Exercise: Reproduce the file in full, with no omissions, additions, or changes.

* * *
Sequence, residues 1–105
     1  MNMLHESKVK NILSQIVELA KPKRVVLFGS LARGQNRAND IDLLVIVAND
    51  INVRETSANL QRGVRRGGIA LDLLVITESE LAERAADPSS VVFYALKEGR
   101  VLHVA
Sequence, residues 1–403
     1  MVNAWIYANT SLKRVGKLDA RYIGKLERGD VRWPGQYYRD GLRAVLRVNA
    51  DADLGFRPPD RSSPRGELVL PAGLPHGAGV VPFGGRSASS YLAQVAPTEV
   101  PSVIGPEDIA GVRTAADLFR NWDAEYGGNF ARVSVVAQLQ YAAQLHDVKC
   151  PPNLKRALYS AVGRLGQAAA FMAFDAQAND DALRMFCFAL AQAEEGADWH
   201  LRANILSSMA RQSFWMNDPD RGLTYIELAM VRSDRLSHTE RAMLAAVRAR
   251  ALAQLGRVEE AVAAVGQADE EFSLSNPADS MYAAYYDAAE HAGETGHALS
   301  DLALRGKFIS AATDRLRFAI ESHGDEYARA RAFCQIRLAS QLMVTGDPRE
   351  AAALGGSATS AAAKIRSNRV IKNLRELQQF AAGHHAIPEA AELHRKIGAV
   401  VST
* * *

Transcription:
Sequence, residues 1–105
     1  MNMLHESKVK NILSQIVELA KPKRVVLFGS LARGQNRAND IDLLVIVAND
    51  INVRETSANL QRGVRRGGIA LDLLVITESE LAERAADPSS VVFYALKEGR
   101  VLHVA
Sequence, residues 1–403
     1  MVNAWIYANT SLKRVGKLDA RYIGKLERGD VRWPGQYYRD GLRAVLRVNA
    51  DADLGFRPPD RSSPRGELVL PAGLPHGAGV VPFGGRSASS YLAQVAPTEV
   101  PSVIGPEDIA GVRTAADLFR NWDAEYGGNF ARVSVVAQLQ YAAQLHDVKC
   151  PPNLKRALYS AVGRLGQAAA FMAFDAQAND DALRMFCFAL AQAEEGADWH
   201  LRANILSSMA RQSFWMNDPD RGLTYIELAM VRSDRLSHTE RAMLAAVRAR
   251  ALAQLGRVEE AVAAVGQADE EFSLSNPADS MYAAYYDAAE HAGETGHALS
   301  DLALRGKFIS AATDRLRFAI ESHGDEYARA RAFCQIRLAS QLMVTGDPRE
   351  AAALGGSATS AAAKIRSNRV IKNLRELQQF AAGHHAIPEA AELHRKIGAV
   401  VST